Mark ordered the lovers to be buried in his own chapel. From the tomb of Tristram there sprung a vine, which went along the walls, and descended into the grave of the queen. It was cut down three times, but each time sprung up again more vigorous than before, and this wonderful plant has ever since shaded the tombs of Tristram and Isoude.
Spenser introduces Sir Tristram in his “Faery Queene.” In Book VI., Canto ii., Sir Calidore encounters in the forest a young hunter, whom he thus describes:
“Him steadfastly he
marked, and saw to be
A goodly youth of amiable grace,
Yet but a slender slip, that scarce did see
Yet seventeen yeares; but tall and faire of face,
That sure he deemed him borne of noble race.
All in a woodman’s jacket he was clad
Of Lincoln greene, belayed with silver lace;
And on his head an hood with aglets sprad,
And by his side his hunter’s horne he hanging had.
[Footnote: Aglets, points or tags]
“Buskins he wore of
Pinckt upon gold, and paled part per part,
As then the guize was for each gentle swayne.
In his right hand he held a trembling dart,
Whose fellow he before had sent apart;
And in his left he held a sharp bore-speare,
With which he wont to launch the salvage heart
Of many a lyon, and of many a beare,
That first unto his hand in chase did happen neare.”
[Footnote: Pinckt upon gold, etc., adorned with golden points, or eyelets, and regularly intersected with stripes. Paled (in heraldry), striped]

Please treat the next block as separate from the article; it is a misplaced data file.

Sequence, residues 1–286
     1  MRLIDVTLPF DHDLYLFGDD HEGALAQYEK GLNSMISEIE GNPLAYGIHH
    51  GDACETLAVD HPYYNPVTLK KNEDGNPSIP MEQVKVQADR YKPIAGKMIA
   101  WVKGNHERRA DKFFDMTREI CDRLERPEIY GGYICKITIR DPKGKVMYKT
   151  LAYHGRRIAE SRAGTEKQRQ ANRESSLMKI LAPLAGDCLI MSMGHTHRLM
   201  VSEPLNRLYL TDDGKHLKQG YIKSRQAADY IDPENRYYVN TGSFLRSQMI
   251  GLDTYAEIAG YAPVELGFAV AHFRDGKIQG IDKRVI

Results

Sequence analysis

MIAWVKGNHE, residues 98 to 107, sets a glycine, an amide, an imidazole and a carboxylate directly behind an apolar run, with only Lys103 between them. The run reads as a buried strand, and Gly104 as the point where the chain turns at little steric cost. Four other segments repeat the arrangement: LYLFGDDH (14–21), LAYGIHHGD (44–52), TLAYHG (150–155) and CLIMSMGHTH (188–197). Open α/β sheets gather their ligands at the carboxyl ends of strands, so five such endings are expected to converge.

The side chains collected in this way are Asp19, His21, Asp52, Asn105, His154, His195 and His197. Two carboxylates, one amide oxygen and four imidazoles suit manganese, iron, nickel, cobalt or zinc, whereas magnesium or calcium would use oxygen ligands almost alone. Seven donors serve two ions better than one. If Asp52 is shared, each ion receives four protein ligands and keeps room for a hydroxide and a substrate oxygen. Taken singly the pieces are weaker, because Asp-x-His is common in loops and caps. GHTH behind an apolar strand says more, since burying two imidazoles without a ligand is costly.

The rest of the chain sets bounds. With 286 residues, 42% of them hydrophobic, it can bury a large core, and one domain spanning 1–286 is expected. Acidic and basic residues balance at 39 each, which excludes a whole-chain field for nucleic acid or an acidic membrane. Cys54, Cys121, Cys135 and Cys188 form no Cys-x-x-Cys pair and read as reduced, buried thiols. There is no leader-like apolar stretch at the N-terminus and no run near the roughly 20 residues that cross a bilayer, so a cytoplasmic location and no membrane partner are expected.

The father and two elder brothers of Perceval had fallen in battle or tournaments, and hence, as the last hope of his family, his mother retired with him into a solitary region, where he was brought up in total ignorance of arms and chivalry. He was allowed no weapon but “a lyttel Scots spere,” which was the only thing of all “her lordes faire gere” that his mother carried to the wood with her. In the use of this he became so skilful, that he could kill with it not only the animals of the chase for the table, but even birds on the wing. At length, however, Perceval was roused to a desire of military renown by seeing in the forest five knights who were in complete armor. He said to his mother, “Mother, what are those yonder?” “They are angels, my son,” said she. “By my faith, I will go and become an angel with them.” And Perceval went to the road and met them. “Tell me, good lad,” said one of them, “sawest thou a knight pass this way either today or yesterday?” “I know not,” said he, “what a knight is.” “Such an one as I am,” said the knight. “If thou wilt tell me what I ask thee, I will tell thee what thou askest me.” “Gladly will I do so,” said Sir Owain,